• Infer the HGI from the t10, predicted by the multi-component breakage model.
• Demonstrate the effects of particle size and density on PF grinding by simulations.
• Elucidate the non-linear phenomenon of the HGI effect on the PF production rate.
A new method was developed to infer the HGI (Hardgrove Grindability Index) values from the product fineness indicator, t10, predicted by the multi-component breakage model. A total of 41 sets of JKFBC (JK Fine-particle Breakage Characteriser) tests, on coals from Australia and China, plus ores containing various minerals and a clinker, were used to validate this method. The JKFBC and the multi-component breakage model have the potential to improve or replace the traditional HGI test. A new coal grindability index can be generated from the multi-component model parameters. As the major error sources associated with the traditional HGI test have been removed in this new approach, superior repeatability and reproducibility can be expected. More work is recommended in this area to validate this novel approach and to identify its limitations.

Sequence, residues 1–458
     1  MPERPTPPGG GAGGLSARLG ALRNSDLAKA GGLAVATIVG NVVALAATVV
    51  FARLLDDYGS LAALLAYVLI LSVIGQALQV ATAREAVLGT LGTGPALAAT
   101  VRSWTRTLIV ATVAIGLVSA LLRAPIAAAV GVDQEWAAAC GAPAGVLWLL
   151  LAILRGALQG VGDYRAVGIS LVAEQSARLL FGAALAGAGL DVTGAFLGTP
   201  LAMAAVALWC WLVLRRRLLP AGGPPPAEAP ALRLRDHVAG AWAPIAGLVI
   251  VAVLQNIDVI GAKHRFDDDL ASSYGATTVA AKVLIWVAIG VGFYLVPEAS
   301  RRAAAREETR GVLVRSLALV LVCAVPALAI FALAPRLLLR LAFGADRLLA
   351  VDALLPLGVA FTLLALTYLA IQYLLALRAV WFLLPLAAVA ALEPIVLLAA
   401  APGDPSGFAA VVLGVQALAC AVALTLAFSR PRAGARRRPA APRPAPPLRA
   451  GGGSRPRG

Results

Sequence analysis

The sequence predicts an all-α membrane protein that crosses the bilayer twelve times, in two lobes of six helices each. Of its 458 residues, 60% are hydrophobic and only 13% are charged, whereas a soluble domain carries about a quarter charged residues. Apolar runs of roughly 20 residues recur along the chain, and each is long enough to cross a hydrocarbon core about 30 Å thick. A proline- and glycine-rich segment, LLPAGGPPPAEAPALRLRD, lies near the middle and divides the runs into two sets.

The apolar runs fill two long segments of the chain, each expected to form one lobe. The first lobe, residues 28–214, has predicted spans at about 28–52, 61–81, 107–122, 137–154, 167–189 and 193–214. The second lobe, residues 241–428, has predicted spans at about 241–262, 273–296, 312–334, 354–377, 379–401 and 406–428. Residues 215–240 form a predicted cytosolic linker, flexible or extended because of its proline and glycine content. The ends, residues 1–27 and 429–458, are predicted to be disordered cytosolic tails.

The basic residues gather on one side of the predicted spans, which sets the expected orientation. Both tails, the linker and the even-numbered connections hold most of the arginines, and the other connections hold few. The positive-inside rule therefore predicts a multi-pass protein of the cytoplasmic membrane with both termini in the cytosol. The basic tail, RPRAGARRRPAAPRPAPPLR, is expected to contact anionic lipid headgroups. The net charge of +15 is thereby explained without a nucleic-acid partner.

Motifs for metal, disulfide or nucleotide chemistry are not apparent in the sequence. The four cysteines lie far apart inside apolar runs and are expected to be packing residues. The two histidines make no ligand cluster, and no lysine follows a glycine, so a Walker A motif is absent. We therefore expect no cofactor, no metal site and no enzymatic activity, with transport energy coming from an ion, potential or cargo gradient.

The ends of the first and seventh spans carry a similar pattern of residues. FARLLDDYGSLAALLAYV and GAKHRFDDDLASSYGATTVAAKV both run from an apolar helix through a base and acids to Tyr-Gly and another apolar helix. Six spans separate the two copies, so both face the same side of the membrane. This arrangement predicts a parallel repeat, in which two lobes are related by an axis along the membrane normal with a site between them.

Simulations were conducted by employing the multi-component breakage model to demonstrate the effects of particle size and density on pulverised fuel (PF) grinding; to troubleshoot the PF production problems related to the coal properties; and to elucidate the observed trend of the non-linear phenomenon of the HGI effect on the PF milling capacity; whereby a 10 unit reduction in HGI from 50 to 40 requires four times more energy than a 10 unit HGI reduction from 90 to 80 in order to achieve the same PF production rate.